14. Sri V. Krishnamurthy, learned counsel for the assessee, next contended that the law which recognised the transformation of separate property of a coparcener into a joint family property was judge-made law and hence the very same principles can be extended to the case of female members of a joint family also without making a distinction between one member anbd another member of a joint HIndu family on the ground of sex. It was and that the acceptance of the said view would be in conformity with modern notions of civil law. there are two difficulties in agreeing with the above contention. If the case is considered as one based not on the Hindu law, but only on principles of justice, equity and good conscience based on considerations of love and affection, then no distinction can be made between a HIndu family on the one hand and a Christian or muslim family on the other. The same principle will have to be extended to all families in India and whenever a member of a family makes a declaration treating a property as property belonging collectively to all the members of the family it will have to be held so irrespective of the fact that a coparcenaries is foreign to many of them. Secondly, the principle applicable to the case of members of a coparcenery being an exception to the general law of the land which requires in certain cases the transfer to be effected only by means of a registered instrument, it cannot be extended to all cases other than those to which it is now confined. The exception cannot be permitted to override the rule itself. We do not also think that the above principle of Hindu law which authorities a coparcener to treat his separate property as joint family property is merely a part of judge-made law having on basis in the Smritis. in Mithakshara Law at I iv. 31, we find the following : (matter is not in court language.)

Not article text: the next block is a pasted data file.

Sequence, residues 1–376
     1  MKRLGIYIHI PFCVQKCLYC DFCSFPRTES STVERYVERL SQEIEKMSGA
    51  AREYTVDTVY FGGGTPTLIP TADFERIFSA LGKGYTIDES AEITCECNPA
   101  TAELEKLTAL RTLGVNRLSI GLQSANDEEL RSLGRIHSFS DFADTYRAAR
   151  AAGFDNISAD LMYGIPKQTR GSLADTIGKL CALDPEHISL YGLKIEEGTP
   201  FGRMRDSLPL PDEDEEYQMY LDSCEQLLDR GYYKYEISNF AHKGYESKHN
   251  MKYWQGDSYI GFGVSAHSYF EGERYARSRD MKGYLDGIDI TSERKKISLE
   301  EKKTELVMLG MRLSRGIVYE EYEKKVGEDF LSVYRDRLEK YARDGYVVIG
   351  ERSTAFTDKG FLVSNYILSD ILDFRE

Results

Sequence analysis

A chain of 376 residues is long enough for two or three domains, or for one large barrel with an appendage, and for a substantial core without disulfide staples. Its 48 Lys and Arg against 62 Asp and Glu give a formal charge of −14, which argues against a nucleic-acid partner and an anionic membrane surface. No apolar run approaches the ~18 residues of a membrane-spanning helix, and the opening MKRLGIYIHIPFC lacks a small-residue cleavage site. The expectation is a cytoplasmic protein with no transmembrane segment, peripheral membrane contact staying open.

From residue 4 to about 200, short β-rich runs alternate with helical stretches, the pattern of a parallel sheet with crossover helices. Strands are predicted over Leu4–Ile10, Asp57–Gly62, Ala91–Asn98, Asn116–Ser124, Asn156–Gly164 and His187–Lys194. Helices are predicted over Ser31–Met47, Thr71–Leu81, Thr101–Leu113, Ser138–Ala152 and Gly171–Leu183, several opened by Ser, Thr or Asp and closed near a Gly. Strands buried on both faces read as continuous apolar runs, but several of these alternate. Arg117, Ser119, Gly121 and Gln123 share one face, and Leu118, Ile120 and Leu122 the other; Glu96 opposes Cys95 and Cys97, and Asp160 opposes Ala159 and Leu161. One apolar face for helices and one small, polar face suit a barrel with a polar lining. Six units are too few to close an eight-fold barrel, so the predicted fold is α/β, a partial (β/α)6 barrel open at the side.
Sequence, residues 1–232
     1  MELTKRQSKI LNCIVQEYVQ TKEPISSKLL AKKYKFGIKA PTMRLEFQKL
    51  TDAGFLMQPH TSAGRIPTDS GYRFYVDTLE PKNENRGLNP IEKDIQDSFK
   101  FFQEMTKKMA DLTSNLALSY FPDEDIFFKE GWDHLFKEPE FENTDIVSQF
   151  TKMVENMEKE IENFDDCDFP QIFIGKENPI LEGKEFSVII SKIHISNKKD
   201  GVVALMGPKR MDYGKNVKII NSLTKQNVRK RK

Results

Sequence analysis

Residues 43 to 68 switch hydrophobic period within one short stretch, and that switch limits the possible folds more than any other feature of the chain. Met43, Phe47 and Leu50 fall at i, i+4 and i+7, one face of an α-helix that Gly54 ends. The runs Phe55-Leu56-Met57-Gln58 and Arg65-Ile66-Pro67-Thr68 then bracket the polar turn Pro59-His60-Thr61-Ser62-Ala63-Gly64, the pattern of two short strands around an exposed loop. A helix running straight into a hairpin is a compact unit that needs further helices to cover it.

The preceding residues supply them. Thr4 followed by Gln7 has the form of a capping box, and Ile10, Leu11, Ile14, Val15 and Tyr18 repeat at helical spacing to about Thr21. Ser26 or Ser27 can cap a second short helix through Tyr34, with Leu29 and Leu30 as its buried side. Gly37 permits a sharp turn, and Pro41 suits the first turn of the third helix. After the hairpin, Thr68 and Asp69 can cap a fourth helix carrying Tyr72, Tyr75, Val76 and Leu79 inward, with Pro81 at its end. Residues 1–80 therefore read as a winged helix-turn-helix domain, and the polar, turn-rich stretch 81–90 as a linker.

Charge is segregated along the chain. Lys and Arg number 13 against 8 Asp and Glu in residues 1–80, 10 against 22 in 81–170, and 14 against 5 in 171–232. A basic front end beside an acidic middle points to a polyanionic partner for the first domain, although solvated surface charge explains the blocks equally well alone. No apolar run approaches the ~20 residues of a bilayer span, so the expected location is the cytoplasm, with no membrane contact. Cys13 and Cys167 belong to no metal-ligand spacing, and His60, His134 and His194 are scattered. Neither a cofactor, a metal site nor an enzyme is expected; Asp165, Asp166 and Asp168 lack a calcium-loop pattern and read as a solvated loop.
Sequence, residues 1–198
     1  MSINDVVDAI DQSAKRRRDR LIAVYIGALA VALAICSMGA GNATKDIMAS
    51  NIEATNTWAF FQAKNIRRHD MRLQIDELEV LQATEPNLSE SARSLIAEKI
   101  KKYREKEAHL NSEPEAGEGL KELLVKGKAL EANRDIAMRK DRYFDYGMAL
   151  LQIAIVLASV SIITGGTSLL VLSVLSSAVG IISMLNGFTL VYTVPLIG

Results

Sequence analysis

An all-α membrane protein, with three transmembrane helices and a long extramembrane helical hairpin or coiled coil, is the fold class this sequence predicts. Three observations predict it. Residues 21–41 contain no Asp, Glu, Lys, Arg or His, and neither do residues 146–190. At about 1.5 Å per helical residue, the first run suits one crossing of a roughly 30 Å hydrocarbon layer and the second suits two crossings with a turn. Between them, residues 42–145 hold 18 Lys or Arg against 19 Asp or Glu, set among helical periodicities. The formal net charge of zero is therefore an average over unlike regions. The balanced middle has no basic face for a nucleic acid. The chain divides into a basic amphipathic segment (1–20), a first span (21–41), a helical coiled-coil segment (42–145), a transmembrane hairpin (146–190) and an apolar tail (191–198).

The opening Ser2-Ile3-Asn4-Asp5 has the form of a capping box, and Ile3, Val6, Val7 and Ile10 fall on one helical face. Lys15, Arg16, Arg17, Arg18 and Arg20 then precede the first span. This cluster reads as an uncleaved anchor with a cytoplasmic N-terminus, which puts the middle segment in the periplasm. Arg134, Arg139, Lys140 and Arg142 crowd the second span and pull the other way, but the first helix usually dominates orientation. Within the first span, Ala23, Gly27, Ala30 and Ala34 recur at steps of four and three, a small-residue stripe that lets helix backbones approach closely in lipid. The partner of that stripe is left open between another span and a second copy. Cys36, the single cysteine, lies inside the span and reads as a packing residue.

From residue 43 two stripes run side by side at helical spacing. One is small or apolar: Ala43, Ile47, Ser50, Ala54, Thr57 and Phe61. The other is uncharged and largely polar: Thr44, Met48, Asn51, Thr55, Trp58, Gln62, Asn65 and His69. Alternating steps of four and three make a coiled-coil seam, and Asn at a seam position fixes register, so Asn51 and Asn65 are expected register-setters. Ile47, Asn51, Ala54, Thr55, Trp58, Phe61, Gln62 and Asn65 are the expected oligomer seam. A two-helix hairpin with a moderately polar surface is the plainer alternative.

' Among unseparated brethren if the common stock be improved or augmented by any one of them through agriculture, commerce or similar means and equal distribution neverthless takes lace and double share is not allotted to the acquirer.'